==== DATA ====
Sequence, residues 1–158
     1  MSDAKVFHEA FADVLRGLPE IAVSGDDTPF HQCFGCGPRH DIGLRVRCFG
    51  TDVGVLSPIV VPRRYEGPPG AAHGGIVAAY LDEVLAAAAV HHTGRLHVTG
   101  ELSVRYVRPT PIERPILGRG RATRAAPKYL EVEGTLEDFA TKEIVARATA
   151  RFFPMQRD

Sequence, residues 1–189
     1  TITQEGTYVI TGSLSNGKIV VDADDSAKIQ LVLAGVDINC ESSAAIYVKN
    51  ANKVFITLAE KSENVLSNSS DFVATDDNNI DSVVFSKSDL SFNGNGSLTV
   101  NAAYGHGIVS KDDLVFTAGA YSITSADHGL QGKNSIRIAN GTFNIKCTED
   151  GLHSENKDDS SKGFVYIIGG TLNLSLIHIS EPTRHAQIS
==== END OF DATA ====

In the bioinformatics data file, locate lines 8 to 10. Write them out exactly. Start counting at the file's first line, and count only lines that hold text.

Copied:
    51  ANKVFITLAE KSENVLSNSS DFVATDDNNI DSVVFSKSDL SFNGNGSLTV
   101  NAAYGHGIVS KDDLVFTAGA YSITSADHGL QGKNSIRIAN GTFNIKCTED
   151  GLHSENKDDS SKGFVYIIGG TLNLSLIHIS EPTRHAQIS